Asian Science Citation Index is committed to provide an authoritative, trusted and significant information by the coverage of the most important and influential journals to meet the needs of the global scientific community.  
ASCI Database
308-Lasani Town,
Sargodha Road,
Faisalabad, Pakistan
Fax: +92-41-8815544
Contact Via Web
Suggest a Journal
 
Articles by Hashem Mahmoud Mohamed
Total Records ( 2 ) for Hashem Mahmoud Mohamed
  Hashem Mahmoud Mohamed
  A factorial design experiment was conducted on field to investigate the effects of inoculation with AM fungi (Glomus mosseae), phosphate solubilizing bacteria strain (Bacillus polymyxa) and soil yeast strain (Saccharomyces cerevisiae) on growth, phosphorus content and yield of onion plants in calcareous soil under different levels of phosphorus fertilization (P1: 50, P2: 100 and P3: 200 kg ha-1). Results showed that inoculation with G. mosseae or B. polymyxa significantly (p = 0.05) increased plant height, shoot fresh and dry weights, root fresh and dry weights, average bulb diameter and total yield. The highest total yield and average bulb diameter were obtained from the inoculation treatment of AM fungus G. mosseae, recording 14.4 and 40.8% increases, respectively over the uninoculated control. Also, inoculation with AM fungus (G. mosseae) had a significant increase in all mineral content in onion plant compared with uninoculated control or other biofertilizers inoculation treatments (B. polymyxa or soil yeast strain S. cerevisiae). Only, inoculation with phosphate solubilizing bacteria B. polymyxa had significant increase in P content and non significant increases in N, K, Fe, Zn and Mn. Inoculation with soil yeast S. cerevisiae had a non-significant increase in all minerals content of onion plant.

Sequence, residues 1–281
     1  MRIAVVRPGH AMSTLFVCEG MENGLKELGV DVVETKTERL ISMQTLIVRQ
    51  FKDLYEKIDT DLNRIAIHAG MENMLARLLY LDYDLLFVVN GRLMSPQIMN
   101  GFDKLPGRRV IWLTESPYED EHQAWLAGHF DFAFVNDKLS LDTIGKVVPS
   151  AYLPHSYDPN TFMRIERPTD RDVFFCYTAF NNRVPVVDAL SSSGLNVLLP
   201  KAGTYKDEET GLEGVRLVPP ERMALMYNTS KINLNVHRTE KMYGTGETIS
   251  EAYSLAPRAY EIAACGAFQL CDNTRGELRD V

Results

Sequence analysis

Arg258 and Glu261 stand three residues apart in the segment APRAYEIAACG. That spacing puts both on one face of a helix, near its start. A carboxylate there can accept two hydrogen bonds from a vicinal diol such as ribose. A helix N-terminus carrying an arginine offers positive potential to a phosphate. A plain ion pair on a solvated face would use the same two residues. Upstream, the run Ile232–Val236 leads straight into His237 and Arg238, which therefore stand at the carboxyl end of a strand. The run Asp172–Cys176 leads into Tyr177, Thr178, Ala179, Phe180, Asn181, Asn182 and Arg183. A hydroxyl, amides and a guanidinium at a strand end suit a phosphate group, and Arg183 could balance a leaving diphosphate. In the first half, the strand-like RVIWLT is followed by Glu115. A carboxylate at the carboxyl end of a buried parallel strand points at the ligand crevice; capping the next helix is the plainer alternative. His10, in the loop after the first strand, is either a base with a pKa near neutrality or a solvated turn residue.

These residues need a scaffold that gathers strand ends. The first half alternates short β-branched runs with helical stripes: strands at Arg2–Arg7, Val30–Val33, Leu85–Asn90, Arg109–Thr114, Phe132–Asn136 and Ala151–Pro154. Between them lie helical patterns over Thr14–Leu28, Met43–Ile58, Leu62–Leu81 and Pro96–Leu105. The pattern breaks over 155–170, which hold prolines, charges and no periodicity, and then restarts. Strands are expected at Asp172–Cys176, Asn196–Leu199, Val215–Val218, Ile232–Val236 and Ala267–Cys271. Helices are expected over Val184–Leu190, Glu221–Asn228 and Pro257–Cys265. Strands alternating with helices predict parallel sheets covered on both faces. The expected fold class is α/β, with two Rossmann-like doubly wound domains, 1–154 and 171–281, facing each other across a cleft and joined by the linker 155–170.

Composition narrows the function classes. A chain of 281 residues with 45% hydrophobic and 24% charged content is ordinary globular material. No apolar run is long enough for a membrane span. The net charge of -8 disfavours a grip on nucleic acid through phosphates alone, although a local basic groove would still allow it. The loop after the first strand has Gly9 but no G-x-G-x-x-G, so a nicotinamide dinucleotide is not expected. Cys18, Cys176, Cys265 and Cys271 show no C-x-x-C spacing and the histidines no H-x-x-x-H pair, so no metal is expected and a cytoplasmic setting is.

Hashem Mahmoud Mohamed and Yaser Ayesh Almaroai
  Background: Mixed inoculants are used for many crops grown under field condition and many studies have shown that mixed inoculants containing mixture of bacterial species promote greater beneficial effects than single strain inocula. Materials and Methods: A pot experiment was conducted to study the effect of inoculation with A. chroococcum or plus yeast strains (Saccharomyces cervisiae, Candida sake, Saccharomyces exiguous, Pichia membranifaciens and Cryptococcus laurentii) on grain germination, growth of wheat (Triticum aestivum L.) cv., Giza-64 and to choose the best yeast strain for inoculation under field condition. Results: The results showed that the mixed inoculation of any of the yeast strains with A. chroococcum except yeast strain Cryptococcus laurentii resulted in significant (p≤0.05) increases in shoot fresh and dry weights, root fresh and dry weights. The most stimulative treatment on all plant growth parameters was that inoculated with A. chroococcum+Candida sake, scoring the following increases in germination, shoot fresh and dry weight and root fresh and dry weights making 134.09, 210.9, 30.23, 20.71 and 71.60%, respectively, compared with the single inoculation treatment with A. chroococcum alone. The response of wheat to co-inoculation with A. chroococcum and the selected yeast strain (Candida sake) was tested in season 2015/2016 under field condition in presence of different N levels (40, 60 and 80 kg N feddan–1). The dual inoculation treatments of A. chroococcum+yeast strain C. sake under any of the N levels produced significant (p≤0.05) increases in fresh and dry weights of shoots and roots, N-uptake and grain yield of wheat compared to the single inoculation treatment with A. chroococcum alone. Conclusion: Dual inoculation with A. chroococcum+yeast strain C. sake along with 60 kg feddan–1 is recommended for wheat fertilization in Egypt since it gave highest grain yield and was equal to that obtained with dual inoculation+80 kg feddan–1, thus saving 20 kg N-fertilizer feddan–1. The magnified promotion induced by the mixture of the yeast strain C. sake and A. chroococcum may indicate a synergetic interaction between them.
 
 
 
Copyright   |   Desclaimer   |    Privacy Policy   |   Browsers   |   Accessibility